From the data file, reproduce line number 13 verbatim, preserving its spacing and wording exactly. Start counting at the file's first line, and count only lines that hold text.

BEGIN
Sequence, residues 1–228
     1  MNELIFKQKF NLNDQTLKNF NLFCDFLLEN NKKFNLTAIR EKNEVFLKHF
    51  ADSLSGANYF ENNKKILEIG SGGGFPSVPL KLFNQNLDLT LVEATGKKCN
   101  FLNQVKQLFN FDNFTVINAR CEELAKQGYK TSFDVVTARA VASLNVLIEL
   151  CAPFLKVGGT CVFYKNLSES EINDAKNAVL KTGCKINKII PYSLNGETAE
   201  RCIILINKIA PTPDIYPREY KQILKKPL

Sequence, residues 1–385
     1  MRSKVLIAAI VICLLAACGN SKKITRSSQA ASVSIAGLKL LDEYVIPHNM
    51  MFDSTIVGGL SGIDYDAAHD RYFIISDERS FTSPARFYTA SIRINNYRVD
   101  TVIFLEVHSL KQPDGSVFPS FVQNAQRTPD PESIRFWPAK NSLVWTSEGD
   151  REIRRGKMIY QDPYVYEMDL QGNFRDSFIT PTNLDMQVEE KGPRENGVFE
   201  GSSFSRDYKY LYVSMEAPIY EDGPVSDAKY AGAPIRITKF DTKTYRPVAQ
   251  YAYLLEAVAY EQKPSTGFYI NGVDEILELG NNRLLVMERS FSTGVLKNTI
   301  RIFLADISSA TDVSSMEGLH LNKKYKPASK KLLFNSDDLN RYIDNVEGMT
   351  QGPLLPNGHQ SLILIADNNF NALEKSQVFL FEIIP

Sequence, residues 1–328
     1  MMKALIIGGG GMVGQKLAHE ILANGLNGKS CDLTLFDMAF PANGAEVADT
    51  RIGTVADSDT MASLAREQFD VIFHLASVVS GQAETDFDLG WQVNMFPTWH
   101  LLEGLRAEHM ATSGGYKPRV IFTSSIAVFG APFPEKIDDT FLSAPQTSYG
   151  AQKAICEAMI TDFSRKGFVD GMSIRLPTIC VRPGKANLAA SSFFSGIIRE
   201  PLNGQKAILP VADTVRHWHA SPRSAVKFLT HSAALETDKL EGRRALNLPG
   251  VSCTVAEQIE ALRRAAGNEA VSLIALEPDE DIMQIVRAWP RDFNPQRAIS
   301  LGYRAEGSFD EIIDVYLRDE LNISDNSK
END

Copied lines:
   251  YAYLLEAVAY EQKPSTGFYI NGVDEILELG NNRLLVMERS FSTGVLKNTI